Clinical

When should nutritional support be implemented in a hospitalized patient?

Malnutrition linked with increased LOS, readmissions, mortality


 

Case

A 60-year-old male with a history of head & neck cancer, treated with radical neck dissection and radiation 5 years prior is admitted with community-acquired pneumonia and anasarca. Prior to admission, he was on a soft dysphagia diet and reports increased difficulty with solid foods and weight loss from 70 kg to 55 kg over 2.5 years. Should nutritional support be initiated?

Background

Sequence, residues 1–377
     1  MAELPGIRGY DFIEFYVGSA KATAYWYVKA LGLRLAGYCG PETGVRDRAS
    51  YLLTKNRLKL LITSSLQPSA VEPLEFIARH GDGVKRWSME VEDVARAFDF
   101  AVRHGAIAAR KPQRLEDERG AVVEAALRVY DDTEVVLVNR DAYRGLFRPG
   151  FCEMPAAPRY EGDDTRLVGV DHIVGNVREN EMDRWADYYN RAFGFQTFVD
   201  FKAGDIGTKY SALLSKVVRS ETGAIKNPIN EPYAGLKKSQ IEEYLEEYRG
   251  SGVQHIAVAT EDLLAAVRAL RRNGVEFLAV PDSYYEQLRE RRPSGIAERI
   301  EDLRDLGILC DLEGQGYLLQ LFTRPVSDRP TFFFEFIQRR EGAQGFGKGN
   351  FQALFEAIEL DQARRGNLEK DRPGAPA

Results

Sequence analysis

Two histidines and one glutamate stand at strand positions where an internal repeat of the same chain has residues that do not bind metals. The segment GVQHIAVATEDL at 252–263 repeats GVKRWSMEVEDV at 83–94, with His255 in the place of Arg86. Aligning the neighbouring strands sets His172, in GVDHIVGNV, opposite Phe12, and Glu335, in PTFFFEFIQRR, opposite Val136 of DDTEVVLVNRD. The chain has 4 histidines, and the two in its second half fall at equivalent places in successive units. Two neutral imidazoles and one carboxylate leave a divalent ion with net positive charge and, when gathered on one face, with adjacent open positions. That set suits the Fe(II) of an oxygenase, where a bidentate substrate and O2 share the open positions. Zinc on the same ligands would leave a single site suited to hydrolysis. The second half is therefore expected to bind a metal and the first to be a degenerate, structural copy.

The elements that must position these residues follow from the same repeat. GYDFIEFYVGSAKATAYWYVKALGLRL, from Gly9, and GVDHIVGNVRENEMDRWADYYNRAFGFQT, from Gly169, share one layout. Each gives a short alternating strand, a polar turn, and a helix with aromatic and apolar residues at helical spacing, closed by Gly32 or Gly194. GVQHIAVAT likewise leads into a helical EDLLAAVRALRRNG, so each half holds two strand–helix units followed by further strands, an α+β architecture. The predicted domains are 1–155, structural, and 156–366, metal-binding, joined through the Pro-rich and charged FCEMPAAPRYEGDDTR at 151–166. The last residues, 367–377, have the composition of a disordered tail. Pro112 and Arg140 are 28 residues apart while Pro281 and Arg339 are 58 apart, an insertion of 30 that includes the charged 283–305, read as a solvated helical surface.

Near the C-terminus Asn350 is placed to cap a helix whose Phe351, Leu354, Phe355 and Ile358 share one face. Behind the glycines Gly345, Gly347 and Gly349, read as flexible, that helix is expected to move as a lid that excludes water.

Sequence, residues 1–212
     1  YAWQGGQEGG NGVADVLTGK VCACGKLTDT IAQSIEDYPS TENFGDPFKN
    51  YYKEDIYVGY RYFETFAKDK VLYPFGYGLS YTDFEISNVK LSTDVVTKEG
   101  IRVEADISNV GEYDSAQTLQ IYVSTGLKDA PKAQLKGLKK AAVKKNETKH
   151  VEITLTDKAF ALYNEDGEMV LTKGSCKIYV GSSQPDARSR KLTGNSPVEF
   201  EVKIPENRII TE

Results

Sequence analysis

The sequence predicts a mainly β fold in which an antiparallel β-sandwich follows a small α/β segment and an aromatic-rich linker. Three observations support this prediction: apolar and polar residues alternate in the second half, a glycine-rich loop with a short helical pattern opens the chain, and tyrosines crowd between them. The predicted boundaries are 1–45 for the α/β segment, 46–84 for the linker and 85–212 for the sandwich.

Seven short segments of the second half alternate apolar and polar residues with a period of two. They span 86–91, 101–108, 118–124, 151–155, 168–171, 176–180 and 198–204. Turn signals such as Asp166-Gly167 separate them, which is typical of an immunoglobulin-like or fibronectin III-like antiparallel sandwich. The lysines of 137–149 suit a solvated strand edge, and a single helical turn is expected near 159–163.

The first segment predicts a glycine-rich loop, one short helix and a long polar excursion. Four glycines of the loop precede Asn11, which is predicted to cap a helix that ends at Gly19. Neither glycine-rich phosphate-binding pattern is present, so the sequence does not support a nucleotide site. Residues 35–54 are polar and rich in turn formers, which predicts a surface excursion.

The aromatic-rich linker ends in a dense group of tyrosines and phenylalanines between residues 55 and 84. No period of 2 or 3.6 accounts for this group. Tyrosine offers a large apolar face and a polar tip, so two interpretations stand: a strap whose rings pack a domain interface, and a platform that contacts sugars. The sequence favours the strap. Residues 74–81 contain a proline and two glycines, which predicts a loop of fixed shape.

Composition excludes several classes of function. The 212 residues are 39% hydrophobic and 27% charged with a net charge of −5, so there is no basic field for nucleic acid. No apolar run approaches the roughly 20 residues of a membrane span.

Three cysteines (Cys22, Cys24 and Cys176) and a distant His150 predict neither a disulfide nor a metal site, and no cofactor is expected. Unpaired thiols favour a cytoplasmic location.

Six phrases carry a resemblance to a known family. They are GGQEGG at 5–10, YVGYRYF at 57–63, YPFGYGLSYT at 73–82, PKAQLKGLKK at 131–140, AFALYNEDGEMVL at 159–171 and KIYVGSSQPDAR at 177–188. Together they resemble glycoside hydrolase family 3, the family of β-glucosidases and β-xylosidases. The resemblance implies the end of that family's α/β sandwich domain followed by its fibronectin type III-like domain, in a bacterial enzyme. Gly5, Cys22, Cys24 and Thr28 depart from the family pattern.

Dr. Kathleen C. Abalos of Georgetown University Medical Center in Washington, D.C.

Dr. Kathleen C. Abalos

At the time of admission to the hospital, malnutrition is already present in over 20% of patients.1 Hospitalized patients are particularly susceptible to developing malnutrition because of increased catabolic states in acute illness and poor intake from decreased appetite, nil per os status, and impaired mental status.

Malnutrition is associated with increased hospital mortality, decreased functional status and quality of life, infections, longer length of stay, higher hospital costs, and more frequent nonelective readmissions.1,2

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